Have the 16 illegally firefighters been made whole, as legally ordered, and why has he threatened to lay off more firefighters. Isn't the city in danger of losing millions of dollars that they would have to reimburse from federal homeland security grants if the staffing is decreased?

Oh, and have you yet provided testimony in the grand jury case against Robaina and your role in the shadow banking operation written about in the Miami Herald, which noted a bankruptcy document that listed a $50,000 loan from you to a Recaredo Gutierrez, the developer who also borrowed from Robaina and former Miami-Dade Mayor Alex Penelas?

So, yeah, fat chance he'll answer and, therefore, why Ladra is ABC. Oh, and also because of all the flip flops and the lies and the double talk and because he does not respect anyone at all who does not agree with him. Which leads me back to the radio show.

Ladra won't be on the air this morning, despite Felix's original invitation. Hernandez is afraid of me and wouldn't share the time, so in the best interest of the truth and the debate, I am fine with that. I will tune in and, I hope, Enrique and Felix will ask Hernandez to either back up his claims or apologize for his baseless accusations. Then they should ask him some of the questions above.

Maybe he will answer them. Anybody wanna make a bet he doesn't?

Friday, August 19, 2011

Gonzalez exits mayor's race--for now

Though he has been a non candidate for weeks, State Rep. Eddy Gonzalez formally dropped out of the Hialeah mayoral race Thursday with a statement on his facebook page that took a swipe at the interim incumbent running for re-election.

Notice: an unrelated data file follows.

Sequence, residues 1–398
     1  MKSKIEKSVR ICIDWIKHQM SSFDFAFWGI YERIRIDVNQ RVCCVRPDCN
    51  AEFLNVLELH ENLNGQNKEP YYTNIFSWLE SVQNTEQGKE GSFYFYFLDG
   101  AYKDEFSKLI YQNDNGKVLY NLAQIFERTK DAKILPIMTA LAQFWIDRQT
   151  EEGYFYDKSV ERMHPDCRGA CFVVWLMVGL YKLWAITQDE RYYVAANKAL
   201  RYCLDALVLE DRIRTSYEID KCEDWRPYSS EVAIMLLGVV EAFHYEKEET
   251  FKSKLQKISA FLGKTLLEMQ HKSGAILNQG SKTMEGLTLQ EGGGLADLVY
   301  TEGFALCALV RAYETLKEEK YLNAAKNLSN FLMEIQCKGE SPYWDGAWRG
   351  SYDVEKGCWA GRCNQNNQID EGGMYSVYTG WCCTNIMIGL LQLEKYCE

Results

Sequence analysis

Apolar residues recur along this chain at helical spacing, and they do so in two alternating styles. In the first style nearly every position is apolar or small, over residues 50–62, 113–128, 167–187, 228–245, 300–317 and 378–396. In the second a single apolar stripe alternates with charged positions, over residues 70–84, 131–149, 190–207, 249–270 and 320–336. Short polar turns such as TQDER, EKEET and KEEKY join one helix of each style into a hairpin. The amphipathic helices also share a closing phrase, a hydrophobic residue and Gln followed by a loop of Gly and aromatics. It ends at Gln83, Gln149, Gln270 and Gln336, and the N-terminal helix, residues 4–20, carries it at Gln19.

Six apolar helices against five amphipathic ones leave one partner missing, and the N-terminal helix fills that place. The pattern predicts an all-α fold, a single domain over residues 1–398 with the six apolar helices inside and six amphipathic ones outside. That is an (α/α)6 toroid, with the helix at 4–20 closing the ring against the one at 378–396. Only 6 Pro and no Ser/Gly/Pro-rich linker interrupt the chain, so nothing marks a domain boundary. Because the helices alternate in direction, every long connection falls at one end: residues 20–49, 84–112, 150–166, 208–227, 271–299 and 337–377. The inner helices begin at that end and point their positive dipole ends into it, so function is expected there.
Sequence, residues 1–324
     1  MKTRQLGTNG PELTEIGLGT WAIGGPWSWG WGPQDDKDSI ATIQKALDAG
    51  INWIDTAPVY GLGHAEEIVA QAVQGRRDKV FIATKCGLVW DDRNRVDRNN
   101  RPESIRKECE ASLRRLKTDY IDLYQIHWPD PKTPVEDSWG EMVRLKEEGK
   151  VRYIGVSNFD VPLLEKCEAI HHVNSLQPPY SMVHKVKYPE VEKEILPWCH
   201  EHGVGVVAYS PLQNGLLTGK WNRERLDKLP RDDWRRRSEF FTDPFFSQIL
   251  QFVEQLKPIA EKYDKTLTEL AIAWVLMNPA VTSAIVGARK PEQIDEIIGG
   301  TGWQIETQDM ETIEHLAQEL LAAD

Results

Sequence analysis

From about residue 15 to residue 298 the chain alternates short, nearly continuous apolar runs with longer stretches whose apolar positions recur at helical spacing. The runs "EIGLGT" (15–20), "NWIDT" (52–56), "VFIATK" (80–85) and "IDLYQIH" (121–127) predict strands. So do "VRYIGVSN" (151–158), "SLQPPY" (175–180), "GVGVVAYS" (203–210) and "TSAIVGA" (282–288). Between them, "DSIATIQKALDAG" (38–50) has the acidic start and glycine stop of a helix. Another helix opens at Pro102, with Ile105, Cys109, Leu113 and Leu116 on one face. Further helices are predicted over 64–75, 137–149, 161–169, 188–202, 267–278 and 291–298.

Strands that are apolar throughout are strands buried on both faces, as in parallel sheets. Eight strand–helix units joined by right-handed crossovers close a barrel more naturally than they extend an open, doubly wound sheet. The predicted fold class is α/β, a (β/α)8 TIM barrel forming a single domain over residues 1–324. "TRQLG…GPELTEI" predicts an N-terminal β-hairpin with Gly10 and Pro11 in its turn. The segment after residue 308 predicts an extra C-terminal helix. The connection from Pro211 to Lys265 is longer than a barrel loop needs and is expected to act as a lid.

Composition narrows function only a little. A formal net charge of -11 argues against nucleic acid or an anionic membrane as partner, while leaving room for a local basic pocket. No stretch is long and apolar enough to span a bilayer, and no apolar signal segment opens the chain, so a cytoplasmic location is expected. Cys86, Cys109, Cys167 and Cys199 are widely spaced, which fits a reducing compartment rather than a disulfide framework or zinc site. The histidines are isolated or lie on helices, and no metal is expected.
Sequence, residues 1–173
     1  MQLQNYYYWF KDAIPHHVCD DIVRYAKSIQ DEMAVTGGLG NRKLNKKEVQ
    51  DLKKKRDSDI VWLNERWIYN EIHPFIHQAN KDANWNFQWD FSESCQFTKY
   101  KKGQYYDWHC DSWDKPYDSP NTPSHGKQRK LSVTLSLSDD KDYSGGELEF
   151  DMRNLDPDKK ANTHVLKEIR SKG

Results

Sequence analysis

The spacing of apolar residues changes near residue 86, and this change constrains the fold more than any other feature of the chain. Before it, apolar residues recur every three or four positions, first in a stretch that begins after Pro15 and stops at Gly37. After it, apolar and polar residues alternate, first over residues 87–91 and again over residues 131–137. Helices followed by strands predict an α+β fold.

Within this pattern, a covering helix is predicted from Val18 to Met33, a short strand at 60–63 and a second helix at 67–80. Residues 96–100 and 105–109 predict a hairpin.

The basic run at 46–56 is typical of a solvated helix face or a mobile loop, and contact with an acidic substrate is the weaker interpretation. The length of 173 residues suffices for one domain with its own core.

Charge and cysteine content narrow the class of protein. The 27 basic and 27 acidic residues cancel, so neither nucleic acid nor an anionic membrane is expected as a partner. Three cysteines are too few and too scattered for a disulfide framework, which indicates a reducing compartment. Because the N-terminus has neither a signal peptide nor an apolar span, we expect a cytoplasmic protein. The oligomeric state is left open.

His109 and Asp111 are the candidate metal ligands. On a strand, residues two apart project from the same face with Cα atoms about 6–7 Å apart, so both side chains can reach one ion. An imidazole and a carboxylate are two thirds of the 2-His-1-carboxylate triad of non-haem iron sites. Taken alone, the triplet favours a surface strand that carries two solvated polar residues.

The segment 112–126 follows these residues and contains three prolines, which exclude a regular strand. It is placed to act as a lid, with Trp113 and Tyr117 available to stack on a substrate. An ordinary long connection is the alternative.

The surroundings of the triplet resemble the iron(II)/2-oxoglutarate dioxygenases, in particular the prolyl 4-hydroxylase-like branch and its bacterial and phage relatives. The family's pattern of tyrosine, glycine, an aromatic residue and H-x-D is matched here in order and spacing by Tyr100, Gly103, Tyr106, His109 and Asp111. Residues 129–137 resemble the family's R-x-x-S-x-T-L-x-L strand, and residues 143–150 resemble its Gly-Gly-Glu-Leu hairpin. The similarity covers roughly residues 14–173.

What it didn't say is that Gonzalez still plans to run for the seat -- in 2013.

But that's what he told Ladra in a candid cellphone chat earlier today -- that he still hoped to run for mayor of Hialeah in two years, which was his original plan anyway before former Hialeah mayor Julio Robaina resigned mid-term to run (unscuccessfully, it turns out) for the county mayor's post. And since Gonzalez may end up running against one of the three current candidates after all, he doesn't want to throw his considerable support behind any of them for this election.

"I don't know that I would have anything to gain from it," Gonzalez said. "Because I may have to run against that person."

He did say he would likely help one candidate in a council race: Incumbent Councilwoman Vivian Casals-Munoz, who may either be defending herself against an indictment or providing testimony by then. "Because she has been helpful to me and has always supported me," he said, adding that she also went out on a limb and supported cigar czar Jose Oliva in the race for the state rep seat in district 110 vacated by Esteban Bovo, now a county commissioner, when the rest of the administration was throwing its support behind Frank Lago, the chief of staff for Sweetwater Mayor Manny Marono, who is now running for a Hialeah council seat. He said the opportunity to serve with Oliva also played into the "tremendously difficult decision."